An alternative rock group from the 80s with an interesting and original style, the legendary group Soda Stereo are very well known in Argentina and across the continent for their moody and intense sound.
A traditional folkloric Argentinian singer.
Yet another powerful and percussive female singer, this Afroperuvian/Cumbia artist was a recommendation from the Peruvian woman leading on the project.
We spent three weeks on an immersive and rewarding Workaway project in the low jungle of Peru. Another volunteer there called Yaque, from Chile, became a very close friend and gave us her favourite Latin American artists from Chile, Argentina and Uruguay.
Los Jaivas – Mira Niñita
Yaque recommended this song to Ruth as a nice simple Chilean song to take back and teach to her choir in Manchester. A great recommendation!
A Chilean reggae band. They did a cover of a song by another political Chilean group called Los Prisioneros, called El Baile de Los Que Sobran.
A group from Argentina, their two female singers have utterly beautiful harmonies.
Where best to go for new local music than a music festival with almost all Latin American artists, held in the Peruvian jungle?! After the Workaway project we spent the weekend dancing our socks off to local Peruvian and Latin American artists at Selvamonos, and came away with a long list of all of our favourite acts.
Colectivo Circo Band
A 10 strong collective of Peruvian men in Hawaiian shirts playing the most infectious and danceable music imaginable, with a lead singer who had more energy and charisma than anyone else who played at the festival.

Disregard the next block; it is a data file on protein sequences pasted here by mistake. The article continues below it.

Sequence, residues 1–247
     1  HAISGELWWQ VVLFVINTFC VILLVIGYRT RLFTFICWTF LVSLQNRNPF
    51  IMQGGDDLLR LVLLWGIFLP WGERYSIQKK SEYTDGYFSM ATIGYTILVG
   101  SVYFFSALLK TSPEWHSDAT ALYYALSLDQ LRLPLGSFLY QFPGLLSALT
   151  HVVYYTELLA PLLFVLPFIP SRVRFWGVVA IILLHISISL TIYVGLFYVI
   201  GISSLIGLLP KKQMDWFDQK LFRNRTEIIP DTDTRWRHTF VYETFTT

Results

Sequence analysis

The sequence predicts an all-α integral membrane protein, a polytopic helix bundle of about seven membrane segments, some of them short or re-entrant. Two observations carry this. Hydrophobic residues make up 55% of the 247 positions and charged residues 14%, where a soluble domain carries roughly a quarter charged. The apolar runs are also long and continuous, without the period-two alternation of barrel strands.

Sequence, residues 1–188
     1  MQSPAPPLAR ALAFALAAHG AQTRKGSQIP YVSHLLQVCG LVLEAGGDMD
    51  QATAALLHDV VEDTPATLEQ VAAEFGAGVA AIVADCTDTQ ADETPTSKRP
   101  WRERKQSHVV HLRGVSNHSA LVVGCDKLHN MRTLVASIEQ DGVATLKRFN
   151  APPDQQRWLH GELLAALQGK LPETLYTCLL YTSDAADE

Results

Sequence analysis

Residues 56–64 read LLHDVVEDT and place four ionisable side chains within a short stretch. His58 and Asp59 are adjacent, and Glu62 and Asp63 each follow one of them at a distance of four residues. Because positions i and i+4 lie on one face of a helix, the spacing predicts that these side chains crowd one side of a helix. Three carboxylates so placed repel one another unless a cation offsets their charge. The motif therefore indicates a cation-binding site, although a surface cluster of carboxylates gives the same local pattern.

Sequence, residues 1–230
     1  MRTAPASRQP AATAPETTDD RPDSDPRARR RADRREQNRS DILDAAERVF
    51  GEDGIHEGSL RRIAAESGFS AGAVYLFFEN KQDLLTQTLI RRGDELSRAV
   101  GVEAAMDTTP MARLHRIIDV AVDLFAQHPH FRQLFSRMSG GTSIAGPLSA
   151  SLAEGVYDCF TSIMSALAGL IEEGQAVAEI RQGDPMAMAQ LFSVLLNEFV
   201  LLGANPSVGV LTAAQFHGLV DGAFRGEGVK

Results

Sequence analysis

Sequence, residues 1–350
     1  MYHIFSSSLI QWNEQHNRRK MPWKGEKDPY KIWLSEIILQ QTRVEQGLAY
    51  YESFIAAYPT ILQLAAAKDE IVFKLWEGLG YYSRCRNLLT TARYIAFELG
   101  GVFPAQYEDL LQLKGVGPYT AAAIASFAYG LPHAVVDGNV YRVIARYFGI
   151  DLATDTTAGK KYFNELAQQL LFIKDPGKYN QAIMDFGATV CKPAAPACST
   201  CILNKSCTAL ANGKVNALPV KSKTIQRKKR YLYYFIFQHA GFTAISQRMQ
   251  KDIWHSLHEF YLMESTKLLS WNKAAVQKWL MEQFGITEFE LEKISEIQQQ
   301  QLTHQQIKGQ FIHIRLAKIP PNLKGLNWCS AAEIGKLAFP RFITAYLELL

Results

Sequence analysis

An impressive Peruvian rap duo and DJ who ripped the crowd up with their political verses and back-to-back freestyling. It was a test for our Spanish to see how we much we understood!
Pochi Marambio y Tierra Sur
Pochi is a Peruvian reggae legend, and at the age of 70 plus, he did not disappoint as he danced about the stage with his floppy white hair and multicoloured trousers singing about looking after the earth and each other. Ridiculously cute.
Colombian eight-piece funk band with an upbeat brass section and a large number of very attractive musicians, including the female lead singer with her sequin dress and extremely powerful, husky voice.
The only non Latin American group, this Swiss rap dub band blew us away. The lead singer sang and rapped in English over a dark and moody bassline and the lyrics were profound, political and thought provoking.
El Cuarteto de Nos
The headline act, this Uruguayan rap rock band were not a group we expected to particularly enjoy. They ended up being one the most impressive live performances we had seen in a long time. These guys are true professionals and put on a show for the crowd like no other group at the festival. Smart, savvy, and great fun.